Czech Republic, Switzerland, UK, US / 98 minutes / color / Silver Reel, di B, Bloom, Sira, Lipsync Dir: Michael Apted Pr: Lorenzo di Bonaventura, Georgina Townsley, Erik Howsam, Claudia Bluemhuber Scr: Peter O’Brien Cine: George Richmond Cast: Noomi Rapace, Orlando Bloom, Toni Collette, John Malkovich, Michael Douglas, Tosin Cole, Matthew Marsh, Makram J. Khoury, Brian Caspe, Philip Brodie, Michael Epp, Aymen Hamdouchi, Akshay Kumar, Robert Alexander Russell, Rami Nasr, Lauren Jessica Boone, Olivette Cole-Wilson.
As this movie’s closing credits rolled, I sat back with a sigh of satisfaction. An old-fashioned edge-of-your-seat yarn, excellently told, with some genuine surprises and a thoroughly admirable, likeable protagonist. All this and Noomi Rapace in kickass form. What could be better? They should make more movies like this . . .
And then I discovered one reason why they don’t.
Apparently Unlocked was roasted by the critics on release for not bringing anything new to the table—for being old-fashioned, in other words.
To which all I can respond is: I’m a big fan of mold-breakers, but there’s room for old-fashioned too, y’know.
Noomi Rapace as Alice Racine.
CIA interrogator Alice Racine (Rapace) was one of the best, but a couple of years ago an operation went pear-shaped in Paris, innocents died, and she had to get away from the game. Now she works in a community center in London, liaising with MI5’s Emily Knowles (Collette) whenever she trips over anything that might be of use to counterterrorism.
But then Frank Sutter (Marsh) of the CIA’s London division reels her in. Islamic spiritual leader Yazid Khaleel (Khoury) is sending a messenger to terrorist David Mercer (Epp) about the proposed release of a deadly virus into a packed Wembley Stadium; Alice must get the message out of the courier, Lateef (Hamdouchi), so the CIA can substitute a ringer to give Mercer the altered instructions of their choice.
Toni Collette as Emily Knowles.
At the last possible moment, Alice smells a rat, and so begins a constantly twisting escapade in which she must uncover a conspiracy of MAGA-style traitors, try to stop the virus release at Wembley and the thousands if not millions of deaths that might ensue, and of course save her own life.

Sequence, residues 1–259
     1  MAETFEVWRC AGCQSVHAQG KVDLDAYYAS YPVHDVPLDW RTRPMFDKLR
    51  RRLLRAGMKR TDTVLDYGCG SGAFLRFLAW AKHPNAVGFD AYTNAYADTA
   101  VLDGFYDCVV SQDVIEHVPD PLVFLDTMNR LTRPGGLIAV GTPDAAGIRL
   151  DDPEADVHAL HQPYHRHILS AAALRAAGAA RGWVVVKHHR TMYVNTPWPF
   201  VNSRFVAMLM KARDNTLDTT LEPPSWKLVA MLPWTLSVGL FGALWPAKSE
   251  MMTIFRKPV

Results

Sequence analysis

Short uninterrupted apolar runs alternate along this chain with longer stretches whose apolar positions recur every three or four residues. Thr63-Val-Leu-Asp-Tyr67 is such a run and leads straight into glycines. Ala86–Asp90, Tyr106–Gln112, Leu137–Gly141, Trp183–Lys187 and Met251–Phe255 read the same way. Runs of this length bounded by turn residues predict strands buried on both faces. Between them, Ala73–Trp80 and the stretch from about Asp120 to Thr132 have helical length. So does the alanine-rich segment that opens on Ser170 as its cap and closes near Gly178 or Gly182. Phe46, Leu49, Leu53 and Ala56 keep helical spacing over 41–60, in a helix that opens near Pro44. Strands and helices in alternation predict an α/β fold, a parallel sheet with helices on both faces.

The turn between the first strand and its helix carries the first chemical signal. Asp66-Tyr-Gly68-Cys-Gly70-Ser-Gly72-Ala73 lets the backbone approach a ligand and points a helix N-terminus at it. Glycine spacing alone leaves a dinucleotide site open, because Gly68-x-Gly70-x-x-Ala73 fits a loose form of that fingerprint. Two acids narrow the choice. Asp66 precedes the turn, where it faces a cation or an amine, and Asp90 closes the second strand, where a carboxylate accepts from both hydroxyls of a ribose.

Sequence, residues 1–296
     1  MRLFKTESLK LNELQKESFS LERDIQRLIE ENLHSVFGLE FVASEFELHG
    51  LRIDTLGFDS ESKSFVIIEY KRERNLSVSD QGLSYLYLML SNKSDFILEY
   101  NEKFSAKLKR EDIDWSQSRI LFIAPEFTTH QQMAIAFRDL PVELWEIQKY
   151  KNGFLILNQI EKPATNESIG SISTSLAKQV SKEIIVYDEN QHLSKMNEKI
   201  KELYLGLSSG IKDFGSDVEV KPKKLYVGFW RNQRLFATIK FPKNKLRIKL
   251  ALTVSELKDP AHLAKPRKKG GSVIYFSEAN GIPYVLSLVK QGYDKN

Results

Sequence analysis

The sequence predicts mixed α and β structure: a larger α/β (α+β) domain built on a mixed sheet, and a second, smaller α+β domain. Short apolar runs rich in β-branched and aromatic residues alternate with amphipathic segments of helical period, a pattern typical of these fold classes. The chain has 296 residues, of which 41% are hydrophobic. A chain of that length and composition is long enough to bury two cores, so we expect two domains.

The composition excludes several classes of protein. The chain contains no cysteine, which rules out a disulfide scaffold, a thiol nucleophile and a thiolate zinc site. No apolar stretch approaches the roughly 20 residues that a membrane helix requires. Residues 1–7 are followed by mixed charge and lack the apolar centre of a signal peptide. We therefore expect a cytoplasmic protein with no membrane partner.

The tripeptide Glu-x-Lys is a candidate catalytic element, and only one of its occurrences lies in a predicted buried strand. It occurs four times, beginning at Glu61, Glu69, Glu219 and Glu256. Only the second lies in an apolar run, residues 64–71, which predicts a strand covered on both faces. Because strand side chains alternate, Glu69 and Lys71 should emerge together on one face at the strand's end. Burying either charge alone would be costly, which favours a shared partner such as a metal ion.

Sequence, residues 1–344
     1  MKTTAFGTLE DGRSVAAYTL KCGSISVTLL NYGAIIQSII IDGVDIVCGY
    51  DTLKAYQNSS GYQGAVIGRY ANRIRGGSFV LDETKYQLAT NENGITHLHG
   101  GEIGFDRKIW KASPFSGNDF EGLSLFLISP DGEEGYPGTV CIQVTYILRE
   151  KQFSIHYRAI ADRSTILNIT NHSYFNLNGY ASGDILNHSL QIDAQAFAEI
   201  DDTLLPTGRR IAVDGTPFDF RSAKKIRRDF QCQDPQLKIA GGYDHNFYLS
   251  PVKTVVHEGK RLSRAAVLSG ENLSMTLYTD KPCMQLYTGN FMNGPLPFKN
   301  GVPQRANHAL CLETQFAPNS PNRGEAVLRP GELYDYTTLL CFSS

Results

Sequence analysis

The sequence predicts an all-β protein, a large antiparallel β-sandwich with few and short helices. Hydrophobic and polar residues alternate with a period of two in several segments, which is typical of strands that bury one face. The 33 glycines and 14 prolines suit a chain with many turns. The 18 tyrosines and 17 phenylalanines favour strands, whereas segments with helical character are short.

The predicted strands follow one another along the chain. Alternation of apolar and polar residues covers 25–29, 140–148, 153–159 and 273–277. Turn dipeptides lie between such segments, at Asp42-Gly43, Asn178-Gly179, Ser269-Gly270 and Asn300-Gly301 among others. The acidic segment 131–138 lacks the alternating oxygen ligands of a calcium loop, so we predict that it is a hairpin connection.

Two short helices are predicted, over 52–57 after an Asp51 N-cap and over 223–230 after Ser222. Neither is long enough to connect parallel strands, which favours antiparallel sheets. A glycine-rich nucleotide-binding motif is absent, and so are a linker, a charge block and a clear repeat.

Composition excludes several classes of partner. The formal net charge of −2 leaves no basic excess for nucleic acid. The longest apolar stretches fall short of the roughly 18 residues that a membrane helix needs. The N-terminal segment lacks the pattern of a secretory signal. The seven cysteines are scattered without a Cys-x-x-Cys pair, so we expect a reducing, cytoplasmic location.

John Malkovich as Bob Hunter.
Aymen Hamdouchi as Lateef.
En route she’s aided by her boss in Langley, Bob Hunter (Malkovich), a resourceful burglar called Jack Alcott (Bloom), one of her teenaged informers, Amjad (Cole), and her old CIA overseer, Eric Lasch (Douglas). There’s no guarantee anyone is quite what they seem at first.
Tosin Cole as Amjad.
Orlando Bloom as Jack Alcott.
If you ever feel nostalgic for London, as I occasionally do, George Richmond’s cinematography is likely to have you near tears; in fact, the opening sequence is almost a tourist ad for the main attractions of the capital, from Tower Bridge to Trafalgar Square and the National Gallery. The greatest triumph of the cinematography is, though—at least for me—in a series of distant scenes within the packed elevators of a packed Wembley Stadium, which is made to seem almost like a sciencefictional venue, the hi-tech surrounds jarring with the individuality of so many of the passengers we see in those elevators. It’s as if we’re being asked to recognize the dichotomy between the terrorists’ view of the hordes (these are just bodies to be later counted, the bigger the number the better) with Alice’s (these are all unique human beings, each one of them precious).
Michael Epp as David Mercer.
If you like to watch old-fashioned thrillers from time to time, as I do (yes, I admit it, I enjoy the Mission Impossible movies too), you may well find Unlocked really quite splendid, as I did.
Michael Douglas as Eric Lasch.